NWA 4560 LL3.2

Chuck,

Let me point out another place to see good thin section pictures. Jeff Hodges has a great collection of slides and a very good microscope. He loans thin sections to Tom Phillips (we talked about Tom last time), particularly polished sections (no glass cover slip) that Tom really likes working with. Jeff’s evolving site is:

http://meteoritethinsectiongallery.com/index.html

I just got a thin section with a large variety of features. It is from a slice of NWA 4560 LL3.2. Take a look.

– John

This is the slice the slide was made from, front and back. I don’t think any of either of the two obvious inclusions became part of this particular slide.

Just for laughs, here is a different slice of this same find. Pretty wild. Its grade of 3.2 tells us it didn’t get a lot of heating back on its home asteroid. But obviously it’s seen some mechanical pushing and shoving.

This radial pyroxene chondrule has been cratered and there is alteration around the edge. Roger Warin and I have an article on cratered chondrules in the November 2009 issue of Meteorite magazine. I hope you are a subscriber. We have pictures and we touch on a few theories of how they came to be.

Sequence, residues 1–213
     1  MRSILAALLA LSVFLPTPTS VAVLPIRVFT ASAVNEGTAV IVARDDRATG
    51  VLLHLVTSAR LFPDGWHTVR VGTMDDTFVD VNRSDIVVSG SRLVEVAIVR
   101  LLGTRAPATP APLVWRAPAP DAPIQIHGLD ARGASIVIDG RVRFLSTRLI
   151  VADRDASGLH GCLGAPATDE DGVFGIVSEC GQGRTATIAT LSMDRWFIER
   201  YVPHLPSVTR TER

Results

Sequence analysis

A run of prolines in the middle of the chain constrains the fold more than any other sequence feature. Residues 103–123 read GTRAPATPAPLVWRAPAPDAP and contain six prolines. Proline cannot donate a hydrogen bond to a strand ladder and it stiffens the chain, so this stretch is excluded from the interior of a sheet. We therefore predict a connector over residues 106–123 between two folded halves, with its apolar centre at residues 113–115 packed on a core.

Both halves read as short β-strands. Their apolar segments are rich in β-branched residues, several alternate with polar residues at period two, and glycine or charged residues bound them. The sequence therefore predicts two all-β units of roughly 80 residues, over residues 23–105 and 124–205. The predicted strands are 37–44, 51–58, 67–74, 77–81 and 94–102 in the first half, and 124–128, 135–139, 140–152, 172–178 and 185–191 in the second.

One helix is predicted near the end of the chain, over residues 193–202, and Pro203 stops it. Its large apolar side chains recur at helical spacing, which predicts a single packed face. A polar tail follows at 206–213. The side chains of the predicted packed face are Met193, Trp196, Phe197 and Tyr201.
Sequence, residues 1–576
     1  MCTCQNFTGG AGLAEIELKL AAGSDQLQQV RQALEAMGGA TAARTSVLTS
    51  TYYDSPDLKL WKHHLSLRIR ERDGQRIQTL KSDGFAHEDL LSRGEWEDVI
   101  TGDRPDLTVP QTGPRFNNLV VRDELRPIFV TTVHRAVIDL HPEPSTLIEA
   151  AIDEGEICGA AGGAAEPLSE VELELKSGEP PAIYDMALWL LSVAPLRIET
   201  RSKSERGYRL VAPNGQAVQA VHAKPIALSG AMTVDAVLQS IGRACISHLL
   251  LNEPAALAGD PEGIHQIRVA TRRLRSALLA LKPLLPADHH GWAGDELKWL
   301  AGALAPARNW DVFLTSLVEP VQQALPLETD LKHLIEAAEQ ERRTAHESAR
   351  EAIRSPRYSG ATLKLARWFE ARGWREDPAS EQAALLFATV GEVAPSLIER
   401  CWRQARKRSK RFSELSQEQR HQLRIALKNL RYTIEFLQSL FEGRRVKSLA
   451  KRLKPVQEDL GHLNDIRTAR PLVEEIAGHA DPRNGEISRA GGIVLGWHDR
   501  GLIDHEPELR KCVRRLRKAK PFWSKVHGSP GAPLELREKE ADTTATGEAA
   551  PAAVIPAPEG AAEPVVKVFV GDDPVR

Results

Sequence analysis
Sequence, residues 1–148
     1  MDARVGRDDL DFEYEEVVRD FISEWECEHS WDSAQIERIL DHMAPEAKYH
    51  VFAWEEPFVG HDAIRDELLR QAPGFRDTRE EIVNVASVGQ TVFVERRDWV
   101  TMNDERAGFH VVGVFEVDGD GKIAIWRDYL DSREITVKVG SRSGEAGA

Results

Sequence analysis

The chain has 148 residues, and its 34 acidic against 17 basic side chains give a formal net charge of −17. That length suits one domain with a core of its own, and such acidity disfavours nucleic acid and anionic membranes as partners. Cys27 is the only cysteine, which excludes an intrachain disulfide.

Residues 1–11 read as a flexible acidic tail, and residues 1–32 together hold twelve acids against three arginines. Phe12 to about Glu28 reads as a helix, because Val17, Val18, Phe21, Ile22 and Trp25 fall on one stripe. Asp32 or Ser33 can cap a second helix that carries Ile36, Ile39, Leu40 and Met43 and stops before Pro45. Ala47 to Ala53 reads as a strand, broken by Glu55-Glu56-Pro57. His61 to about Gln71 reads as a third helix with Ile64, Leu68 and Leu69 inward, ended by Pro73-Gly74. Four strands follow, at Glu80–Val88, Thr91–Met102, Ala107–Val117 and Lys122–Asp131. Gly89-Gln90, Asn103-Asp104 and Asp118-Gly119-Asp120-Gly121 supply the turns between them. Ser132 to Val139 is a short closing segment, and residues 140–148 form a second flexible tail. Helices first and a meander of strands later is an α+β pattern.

This fragment of a RP chondrule was separated after alteration took place.

Similar story, lots of aqueous alteration bleached the outside part of a RP chondrule before it broke and a fragment ended up here.

Let’s have a vocabulary review: Euhedral crystals are well-formed with sharp, easily-recognized faces. Anhedral crystals lack sharp, recognizable crystal faces. Subhedral – neither fish nor fowl.

Here is a contrast in textures, fine granular olivine on the left and coarse pyroxene on the right.

Okay. Nice Barred olivine chondrule with a thin rim, but what’s happening there on the bottom?

Ah. Here it is in incident light. Like we suspected, that black is a big bleb of metal. And that other business around it looks to be material accreted after the BO chondrule formed.

Hmmm. Cryptocrystalline interior and some well crystallized portions on the outside?

A dusky interior. Maybe a relict grain – a crystal fragment that did not (re)melt when this chondrule formed?

This dark amorphous inclusion is 6 mm long. The metal has been melted but the mineral fragments are angular.

Finally, another set of contrasting textures including a pair of wispy, poorly crystallized fans and a couple variations on the barred olivine theme.

Tags:

About the Author

John Kashuba
John is a natural history enthusiast living in Oregon.
Top